B.C.-Alaska hold exploratory talks over Mount Polley tailings breach disaster

VICTORIA – Alaska’s Lt.-Gov. Byron Mallott says he wants to see up close the aftermath of the Mount Polley tailings-pond collapse, including evidence of British Columbia’s commitment to preventing a similar mining disaster.

Mallott was dispatched south by Alaska Gov. Bill Walker to register U.S. concerns about transboundary issues and the threat a mining catastrophe could have on waters flowing into the state. He will tour the central B.C. mine site this week.

“I hope to see a place that is being learned from,” Mallott said Monday after meetings in Victoria with government mining officials, cabinet ministers and Mines’ Minister Bill Bennett.

Mallott said they discussed how to ensure water quality is protected in border areas.

Bennett said Alaska’s political leaders are welcome to visit Mount Polley and tour other mines in the province’s northwest.

“It was an opportunity for us to show how we do things here in B.C., to spell out the details of our processes,” said Bennett.

A second delegation of Alaskans, including First Nations’ leaders, commercial-and-sports fishing organizations and conservation groups will also tour Mount Polley this week.

Last summer’s tailings-pond breach at the gold-and-copper mine spilled 24-million cubic metres of silt and water into nearby waterways and raised concerns from Alaska about B.C.’s mining practices and regulations.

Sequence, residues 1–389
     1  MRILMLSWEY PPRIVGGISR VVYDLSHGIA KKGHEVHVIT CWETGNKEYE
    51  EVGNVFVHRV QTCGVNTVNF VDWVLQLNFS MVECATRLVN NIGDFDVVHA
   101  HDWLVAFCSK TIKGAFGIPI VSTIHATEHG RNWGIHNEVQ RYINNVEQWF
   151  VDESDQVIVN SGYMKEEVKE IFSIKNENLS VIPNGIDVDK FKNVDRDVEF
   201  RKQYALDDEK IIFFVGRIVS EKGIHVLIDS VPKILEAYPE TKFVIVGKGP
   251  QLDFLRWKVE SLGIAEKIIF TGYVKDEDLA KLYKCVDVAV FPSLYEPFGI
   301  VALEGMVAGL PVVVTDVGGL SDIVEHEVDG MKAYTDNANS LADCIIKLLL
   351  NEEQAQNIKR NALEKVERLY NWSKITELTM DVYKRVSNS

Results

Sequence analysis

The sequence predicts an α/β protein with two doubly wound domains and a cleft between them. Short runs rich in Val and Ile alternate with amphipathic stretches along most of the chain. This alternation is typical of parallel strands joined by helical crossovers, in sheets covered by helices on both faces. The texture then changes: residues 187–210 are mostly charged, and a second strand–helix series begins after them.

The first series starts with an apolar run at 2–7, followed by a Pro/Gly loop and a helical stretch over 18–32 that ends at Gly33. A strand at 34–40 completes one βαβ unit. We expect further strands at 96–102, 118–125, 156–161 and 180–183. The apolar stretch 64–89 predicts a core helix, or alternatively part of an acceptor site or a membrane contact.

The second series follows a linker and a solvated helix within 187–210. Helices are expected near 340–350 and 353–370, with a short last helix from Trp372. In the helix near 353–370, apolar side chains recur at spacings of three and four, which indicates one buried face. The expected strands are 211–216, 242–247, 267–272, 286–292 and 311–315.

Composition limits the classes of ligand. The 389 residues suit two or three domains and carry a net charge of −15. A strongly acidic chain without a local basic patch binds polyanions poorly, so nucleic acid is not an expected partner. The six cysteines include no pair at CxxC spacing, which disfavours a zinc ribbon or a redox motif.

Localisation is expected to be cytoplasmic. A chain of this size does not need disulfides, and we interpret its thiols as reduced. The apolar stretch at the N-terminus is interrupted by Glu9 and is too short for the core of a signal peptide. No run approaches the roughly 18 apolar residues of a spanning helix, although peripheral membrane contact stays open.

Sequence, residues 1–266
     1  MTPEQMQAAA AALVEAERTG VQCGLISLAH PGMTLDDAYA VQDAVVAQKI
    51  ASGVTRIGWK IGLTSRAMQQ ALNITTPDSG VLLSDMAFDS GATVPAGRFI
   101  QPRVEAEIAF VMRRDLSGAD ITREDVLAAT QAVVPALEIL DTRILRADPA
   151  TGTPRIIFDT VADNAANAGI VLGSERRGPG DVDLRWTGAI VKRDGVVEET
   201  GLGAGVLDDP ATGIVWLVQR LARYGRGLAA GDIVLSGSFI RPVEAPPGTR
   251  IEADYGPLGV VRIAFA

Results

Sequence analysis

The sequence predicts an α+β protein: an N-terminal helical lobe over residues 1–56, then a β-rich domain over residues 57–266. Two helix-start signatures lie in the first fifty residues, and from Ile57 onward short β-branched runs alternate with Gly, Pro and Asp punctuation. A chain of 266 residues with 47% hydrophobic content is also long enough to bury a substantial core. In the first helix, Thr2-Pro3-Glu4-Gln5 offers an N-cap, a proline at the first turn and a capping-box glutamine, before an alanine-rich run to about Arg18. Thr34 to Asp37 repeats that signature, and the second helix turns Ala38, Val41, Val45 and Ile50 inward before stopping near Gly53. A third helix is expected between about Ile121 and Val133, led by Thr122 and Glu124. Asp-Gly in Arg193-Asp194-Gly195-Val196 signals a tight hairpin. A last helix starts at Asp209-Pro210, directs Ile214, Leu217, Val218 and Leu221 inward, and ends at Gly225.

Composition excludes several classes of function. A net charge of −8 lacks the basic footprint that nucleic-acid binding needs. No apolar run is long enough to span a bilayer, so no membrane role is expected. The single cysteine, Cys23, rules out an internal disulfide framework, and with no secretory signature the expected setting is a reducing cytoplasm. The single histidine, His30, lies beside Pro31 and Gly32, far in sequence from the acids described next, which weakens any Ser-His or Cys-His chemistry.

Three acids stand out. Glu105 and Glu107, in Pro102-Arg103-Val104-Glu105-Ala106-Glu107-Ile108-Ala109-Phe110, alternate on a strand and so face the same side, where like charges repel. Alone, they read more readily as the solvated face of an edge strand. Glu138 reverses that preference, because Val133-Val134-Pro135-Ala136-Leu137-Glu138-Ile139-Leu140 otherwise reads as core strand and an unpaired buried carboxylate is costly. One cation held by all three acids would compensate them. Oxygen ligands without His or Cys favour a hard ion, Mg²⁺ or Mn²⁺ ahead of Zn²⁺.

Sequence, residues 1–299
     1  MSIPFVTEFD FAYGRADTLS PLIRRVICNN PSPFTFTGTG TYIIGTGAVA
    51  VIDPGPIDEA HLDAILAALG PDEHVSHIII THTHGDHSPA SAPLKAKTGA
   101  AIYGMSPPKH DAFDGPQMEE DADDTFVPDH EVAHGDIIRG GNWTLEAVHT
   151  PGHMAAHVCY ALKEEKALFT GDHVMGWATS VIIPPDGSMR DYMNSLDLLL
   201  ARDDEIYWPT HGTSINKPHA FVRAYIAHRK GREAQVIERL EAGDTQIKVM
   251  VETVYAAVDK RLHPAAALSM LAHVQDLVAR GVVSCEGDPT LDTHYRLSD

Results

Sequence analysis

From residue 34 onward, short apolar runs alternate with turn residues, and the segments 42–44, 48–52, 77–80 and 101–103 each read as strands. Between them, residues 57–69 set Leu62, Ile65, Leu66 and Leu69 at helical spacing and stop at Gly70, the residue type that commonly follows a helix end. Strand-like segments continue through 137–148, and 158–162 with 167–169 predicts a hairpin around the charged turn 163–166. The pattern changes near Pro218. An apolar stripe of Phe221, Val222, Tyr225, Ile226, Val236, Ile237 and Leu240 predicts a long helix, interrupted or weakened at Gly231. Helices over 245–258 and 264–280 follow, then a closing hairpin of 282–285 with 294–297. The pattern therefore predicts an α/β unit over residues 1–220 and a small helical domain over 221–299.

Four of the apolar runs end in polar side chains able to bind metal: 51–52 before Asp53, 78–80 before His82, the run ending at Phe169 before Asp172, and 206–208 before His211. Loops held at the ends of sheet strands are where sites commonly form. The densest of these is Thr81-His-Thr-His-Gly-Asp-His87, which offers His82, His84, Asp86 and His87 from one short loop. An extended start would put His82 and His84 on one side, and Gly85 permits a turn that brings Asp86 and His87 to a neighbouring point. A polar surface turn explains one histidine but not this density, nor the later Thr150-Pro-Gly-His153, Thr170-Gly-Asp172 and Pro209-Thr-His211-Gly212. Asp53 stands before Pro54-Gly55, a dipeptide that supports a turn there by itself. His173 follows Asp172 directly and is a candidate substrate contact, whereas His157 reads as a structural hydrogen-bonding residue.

The Red Chris gold-and-copper mine in B.C.’s northwest is located near a watershed that flows downstream to Alaska, and the state government, First Nations, and fishing and conservation groups say they’re worried a similar catastrophe could threaten the salmon industry.

A statement released by Gov. Walker said Mallott will attend a Vancouver Board of Trade luncheon and meet with mining industry officials and First Nations.

Mallott is a Tlingit leader and a former mayor of Juneau. He ran for state governor as a Democrat, but during the election joined forces with Walker, who ran for governor as an independent.

Mallott said three of Alaska’s most important salmon rivers, the Taku, Stikine, and Unuk, are in watersheds that could be impacted by Canadian mines.

Vancouver-based Imperial Metals (TSX:Ill) operates Mount Polley and Red Chris, which was granted an interim operating permit three months ago. Imperial Metals has said it could reopen Mount Polley in June if granted a permit.

Bennett, who expects a decision on the Red Chris operating permit by the end of May, said a tour of the mines may give the Alaskans a better sense of how B.C. oversees the industry.

“The more they see the more they can understand our processes and rules and standards,” said Bennett.

Opposition New Democrat mining critic Norm Macdonald said the Mount Polley mine disaster sparked international concerns about B.C.’s mining industry.

“We share watersheds, so naturally it’s predictable they are going to pay attention to what’s going on here,” he said.

Note to readers: This is a corrected story. A previous version incorrectly referred to Red Criss mine